Fig. 8.65 When sufficient low level rotation is present, dust devils can form beneath strong updrafts in dry convection. This was one of numerous dust devils observed over a recently plowed field late on an August morning near Corvallis, OR. [© 1988, cCourtesy of David Blanchard.]
See 8.64.

INSERT FIG. 8.66, SET SINGLE COLUMN


Fig. 8.66 Conceptual model of a downburst. [From T. T. Fujita,20 The Downburst-Microburst and Macroburst. Reports of Projects NIMROD and JAWS, SMRP, University of Chicago, Chicago (1985).]


20Tetsuya Theodore Fujita (1920–1998). Professor at the University of Chicago, noted for his innovative research on tropical cyclones, tornadoes, and downbursts. Coined the term microburst and, based on evidence from aerial photographs of tornado debris, developed a scale for classifying the intensity of tornadoes.
N/A

INSERT FIG. 8.67, SET SINGLE COLUMN


Fig. 8.67 Idealized depiction of an aircraft taking off facing into a microburst. In passing from 2 to 4, the aircraft loses its headwind and begins to experience a tailwind, causing a loss of lift, and consequently a sudden loss of altitude. [From J. Clim. Appl. Meteorol., 25 (1986), p. 1399.1398–1425.]
Add comma after “4”?

Add year for consistency with other journal citations

Include only page number of original figure.

INSERT FIG. 8.68, SET SINGLE COLUMN


Fig. 8.68 Schematic cross section through a gust front, in coordinates moving with the front. [From J. Atmos. Sci., 44 (1987) pp. 11810–1210.]
Change “pp.” to “p.”

Include only page number of original figure.

INSERT FIG. 8.69, SET SINGLE COLUMN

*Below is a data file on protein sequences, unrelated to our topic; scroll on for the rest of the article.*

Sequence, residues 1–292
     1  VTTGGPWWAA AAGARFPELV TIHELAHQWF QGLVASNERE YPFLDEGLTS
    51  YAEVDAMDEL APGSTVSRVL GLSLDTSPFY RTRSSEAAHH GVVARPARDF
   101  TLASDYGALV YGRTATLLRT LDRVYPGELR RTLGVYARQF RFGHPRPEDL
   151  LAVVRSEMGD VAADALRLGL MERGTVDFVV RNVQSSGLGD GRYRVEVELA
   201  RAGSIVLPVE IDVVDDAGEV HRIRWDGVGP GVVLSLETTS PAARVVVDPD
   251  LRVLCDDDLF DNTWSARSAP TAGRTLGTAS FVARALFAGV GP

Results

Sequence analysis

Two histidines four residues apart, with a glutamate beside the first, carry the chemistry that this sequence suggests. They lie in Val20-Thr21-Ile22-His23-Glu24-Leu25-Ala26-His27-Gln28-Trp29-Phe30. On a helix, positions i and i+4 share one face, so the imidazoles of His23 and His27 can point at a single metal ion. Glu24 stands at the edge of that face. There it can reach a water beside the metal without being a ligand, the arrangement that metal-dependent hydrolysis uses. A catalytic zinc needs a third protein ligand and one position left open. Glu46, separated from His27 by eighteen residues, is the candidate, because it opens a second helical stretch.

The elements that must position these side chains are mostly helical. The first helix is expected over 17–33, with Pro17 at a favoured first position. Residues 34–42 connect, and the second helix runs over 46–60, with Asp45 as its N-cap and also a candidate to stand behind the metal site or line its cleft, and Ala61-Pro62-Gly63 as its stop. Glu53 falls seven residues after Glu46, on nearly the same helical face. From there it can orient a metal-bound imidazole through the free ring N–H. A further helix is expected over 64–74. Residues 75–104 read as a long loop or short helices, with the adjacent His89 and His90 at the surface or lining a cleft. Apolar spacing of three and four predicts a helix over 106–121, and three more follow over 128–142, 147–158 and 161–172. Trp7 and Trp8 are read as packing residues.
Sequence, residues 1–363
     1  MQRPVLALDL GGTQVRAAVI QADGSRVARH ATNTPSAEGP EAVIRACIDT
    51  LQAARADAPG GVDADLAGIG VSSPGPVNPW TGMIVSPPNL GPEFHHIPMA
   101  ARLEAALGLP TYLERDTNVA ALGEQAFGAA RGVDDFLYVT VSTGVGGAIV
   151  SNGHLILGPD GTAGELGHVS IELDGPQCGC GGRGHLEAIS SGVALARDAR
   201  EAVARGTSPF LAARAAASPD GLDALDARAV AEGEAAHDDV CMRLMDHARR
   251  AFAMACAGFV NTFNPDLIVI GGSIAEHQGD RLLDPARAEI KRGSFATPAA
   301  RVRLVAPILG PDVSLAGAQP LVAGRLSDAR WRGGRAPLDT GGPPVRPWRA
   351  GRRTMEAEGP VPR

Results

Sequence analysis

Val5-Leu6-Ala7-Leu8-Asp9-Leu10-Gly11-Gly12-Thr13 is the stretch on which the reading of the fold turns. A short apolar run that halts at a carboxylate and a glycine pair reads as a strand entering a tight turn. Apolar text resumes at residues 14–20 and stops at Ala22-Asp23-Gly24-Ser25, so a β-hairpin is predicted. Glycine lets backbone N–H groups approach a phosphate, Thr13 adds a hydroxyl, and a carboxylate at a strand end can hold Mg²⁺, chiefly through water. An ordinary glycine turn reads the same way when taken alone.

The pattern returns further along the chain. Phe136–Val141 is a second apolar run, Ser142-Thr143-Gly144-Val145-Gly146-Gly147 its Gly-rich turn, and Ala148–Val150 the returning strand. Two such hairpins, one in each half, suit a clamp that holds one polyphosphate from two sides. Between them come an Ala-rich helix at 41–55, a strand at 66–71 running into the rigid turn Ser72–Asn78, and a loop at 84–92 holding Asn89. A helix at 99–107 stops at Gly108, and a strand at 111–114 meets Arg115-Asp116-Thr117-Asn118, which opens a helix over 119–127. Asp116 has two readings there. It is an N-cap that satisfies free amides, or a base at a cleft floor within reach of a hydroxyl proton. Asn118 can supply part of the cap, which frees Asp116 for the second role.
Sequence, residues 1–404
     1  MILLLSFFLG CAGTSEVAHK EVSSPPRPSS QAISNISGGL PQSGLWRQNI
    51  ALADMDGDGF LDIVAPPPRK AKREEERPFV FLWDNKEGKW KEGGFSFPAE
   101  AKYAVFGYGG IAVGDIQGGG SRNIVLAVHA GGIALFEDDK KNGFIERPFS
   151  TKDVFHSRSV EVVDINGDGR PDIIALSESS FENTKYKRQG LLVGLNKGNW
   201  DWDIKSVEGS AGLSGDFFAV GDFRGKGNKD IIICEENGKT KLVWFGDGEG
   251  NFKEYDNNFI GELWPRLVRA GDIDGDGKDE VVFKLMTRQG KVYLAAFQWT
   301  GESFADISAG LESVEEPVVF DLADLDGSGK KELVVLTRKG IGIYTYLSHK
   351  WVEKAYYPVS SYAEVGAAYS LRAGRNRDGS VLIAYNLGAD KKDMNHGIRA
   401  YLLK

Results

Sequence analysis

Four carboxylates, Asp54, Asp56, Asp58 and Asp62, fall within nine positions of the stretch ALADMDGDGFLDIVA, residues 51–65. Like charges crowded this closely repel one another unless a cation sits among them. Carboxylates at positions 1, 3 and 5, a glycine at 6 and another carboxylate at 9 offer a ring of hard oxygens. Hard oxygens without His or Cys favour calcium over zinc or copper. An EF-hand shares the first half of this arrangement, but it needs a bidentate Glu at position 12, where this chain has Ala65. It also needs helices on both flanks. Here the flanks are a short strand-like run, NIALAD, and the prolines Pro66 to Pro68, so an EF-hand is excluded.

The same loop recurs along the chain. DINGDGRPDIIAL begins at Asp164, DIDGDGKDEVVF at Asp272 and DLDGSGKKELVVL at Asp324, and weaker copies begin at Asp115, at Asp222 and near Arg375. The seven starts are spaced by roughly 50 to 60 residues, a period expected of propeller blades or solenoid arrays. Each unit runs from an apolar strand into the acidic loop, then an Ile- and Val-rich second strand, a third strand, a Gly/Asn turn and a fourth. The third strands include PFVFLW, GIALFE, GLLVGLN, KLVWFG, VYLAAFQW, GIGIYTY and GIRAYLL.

Fig. 8.69 The nose of a gust front from a thunderstorm cell near Denver, CO, as revealed by a cloud of blowing dust. [© 1991, cCourtesy of David Blanchard.] Convectively generated sand and dust storms are common in the Middle East and sub-Saharan Africa, where they are referred to as haboobs.
See notes for Fig. 8.64.

Spell out Colorado?

INSERT FIG. 8.70, SET SINGLE COLUMN


Fig. 8.70 Schematic showing the radar echo of a thunderstorm (a) evolving into a bow echo (b,c) and finally into a comma echo (d) in the northern hemisphere as it moves eastward. Arrows indicate surface winds relative to the moving system. The regions of cyclonic and anticyclonic rotation at the ends of the echo are favored sites for tornado development and the axis of strongest winds is indicated by the dashed line. [Adapted from J. Atmos. Sci., 38 (1981) pp. 152812–1534.]
Change pp. to p.

Include only page number of original figure.

INSERT FIG. 8.71, SET DOUBLE COLUMN, GENEROUS MARGINS


Fig. 8.71 A squall line over the Gulf of Mexico April 7, 1984 in NOAA GOES satellite imagery (inset) and a high-resolution photograph taken by the crew of the NASA Challenger space shuttle.
N/A

INSERT FIG. 8.72, SET SINGLE COLUMN


Fig. 8.72 Pattern of radar reflectivity in a squall line over Oklahoma. [From Mon. Wea. Rev., 1187, 613-–654 (1990) p. 622.]
Correct volume number, reference only page # on which the cited figure appears (pg 622).

INSERT FIG. 8.73, SET DOUBLE COLUMN